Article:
DIY Research: knowing when to stop.
The Early Years
In the early years of my illness, my M.E was severe and I was housebound. I needed a stairlift to get up and down the stairs (on the occasions I had the strength to get out of bed), and an electric wheelchair on the rare occasions I could leave the house. My quality of life went down the toilet and I wanted to do everything I could to yank it back out. I wanted to find a treatment or better still – a cure. Problem being, there isn’t one. Or at least, not for M.E.
I used to spend so much energy I didn’t have researching every little thing, in the hopes I would find a solution to my suffering. Relentless google searches, keeping up to date on current biomedical research findings, looking up any consultants that might be able to help me, passively reading every conversation thread in various social media support groups about various vitamins and unofficial ‘treatments’ other people in my situation were trying – and then researching them to decide if I should be trying it too.
It was fucking exhausting.
My actions were inadvertently reinforcing how ill I was, and the energy I was spending on it exacerbated my symptoms further – which was negative – but not pointless. Because I learnt a lot. A lot about M.E, and my M.E research led me to learn a lot about POTS (the two conditions can commonly occur together, it pans out). I also learned a lot about the power of social media and how people – complete strangers – can be so kind and helpful when supporting others with a shared experience.
With respect to M.E, I had to accept the harsh truth: there is NO treatment for M.E. If there was, then the whole damn world would know about it. It would have made headline news. Researchers would know about it (I mean real ones – not little old me doing google searches out of utter disbelief that there really IS nothing out there). Doctors would know about it. And there wouldn’t be millions of M.E patients globally who are still missing from their own lives.
Nonetheless, my M.E research led me to discover I also have POTS – which IS treatable. I gave up looking for a treatment for M.E, and replaced it by researching a consultant near me with a special interest in POTS, and staying up to date on POTS treatments. The consultant diagnosed me, and after a year of trial and error, we finally found the right combination of meds to treat my POTS. And the med that finally made the difference was one that I’d asked to try, based on my own research. Successfully treating the POTS placed less strain on my body, which then made things easier on my M.E.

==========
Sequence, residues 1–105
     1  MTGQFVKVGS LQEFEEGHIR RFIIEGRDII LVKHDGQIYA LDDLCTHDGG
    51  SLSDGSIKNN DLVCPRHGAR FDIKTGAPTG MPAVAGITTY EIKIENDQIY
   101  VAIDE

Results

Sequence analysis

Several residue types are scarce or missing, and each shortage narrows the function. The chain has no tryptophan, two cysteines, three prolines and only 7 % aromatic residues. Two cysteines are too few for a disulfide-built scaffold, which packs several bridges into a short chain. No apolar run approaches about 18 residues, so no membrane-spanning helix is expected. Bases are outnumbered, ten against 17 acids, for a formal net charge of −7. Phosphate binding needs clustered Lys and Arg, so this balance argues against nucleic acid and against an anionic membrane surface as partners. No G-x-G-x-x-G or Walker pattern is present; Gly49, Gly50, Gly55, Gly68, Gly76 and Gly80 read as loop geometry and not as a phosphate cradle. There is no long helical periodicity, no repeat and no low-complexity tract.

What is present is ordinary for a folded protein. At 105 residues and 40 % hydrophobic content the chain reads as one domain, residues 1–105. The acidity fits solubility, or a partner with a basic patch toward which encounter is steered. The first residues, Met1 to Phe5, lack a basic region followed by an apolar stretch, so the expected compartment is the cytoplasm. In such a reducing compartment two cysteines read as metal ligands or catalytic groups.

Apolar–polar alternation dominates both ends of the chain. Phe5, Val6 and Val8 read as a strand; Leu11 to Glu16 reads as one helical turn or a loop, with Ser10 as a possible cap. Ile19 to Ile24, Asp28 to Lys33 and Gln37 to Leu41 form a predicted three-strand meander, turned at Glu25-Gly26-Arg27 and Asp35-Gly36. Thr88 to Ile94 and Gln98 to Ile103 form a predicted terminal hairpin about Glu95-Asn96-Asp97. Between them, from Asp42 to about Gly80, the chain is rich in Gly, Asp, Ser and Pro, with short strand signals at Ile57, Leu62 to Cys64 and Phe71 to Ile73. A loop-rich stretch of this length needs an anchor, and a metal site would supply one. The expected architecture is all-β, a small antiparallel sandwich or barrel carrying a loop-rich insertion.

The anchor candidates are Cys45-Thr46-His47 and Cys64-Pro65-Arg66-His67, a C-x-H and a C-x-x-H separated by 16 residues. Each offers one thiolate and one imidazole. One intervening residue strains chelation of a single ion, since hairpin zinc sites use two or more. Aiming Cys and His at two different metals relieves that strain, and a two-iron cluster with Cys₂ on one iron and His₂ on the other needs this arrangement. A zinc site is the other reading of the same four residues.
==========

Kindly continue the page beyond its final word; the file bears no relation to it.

At this point in my research journey, I made the choice to stop. Stop looking for something that doesn’t exist yet (M.E treatment), and stop making myself feel more ill at a time when I could be improving. There will always be something left un-googled, and there will always be new ‘treatment’ suggestions that some find helpful, but others don’t. I made the choice to believe that I’d done my best; I’m proud of my efforts, and celebrate that I am doing way better now than I was – as a direct result of all that research. I still struggle with my health daily, but the severity is small-fry compared to what it once was.
And now, I choose to accept my health and situation as it currently it is.
Finally, I have time to focus on what my body needs from me – rather than what I want from it. Resting. Breathing. Calm. Being compassionate. Being understanding. Being patient. Being in the moment. Just … being. Now THAT feels positive.
… Bah, who am I kidding. I’m not a fucking buddha. I still push my body to its limits at times. Except now I do it for the moment, away from my computer screen – some extra playtime with my son, some extra time with my partner, extra time to write, or go out for lunch; to just savour things a little longer before I have no choice but to lie down. And THAT feels positive too.
Over to You
Have you been researching your illness relentlessly for years? How has this helped you? How has this not helped you? Have you, or do you think you will ever – stop?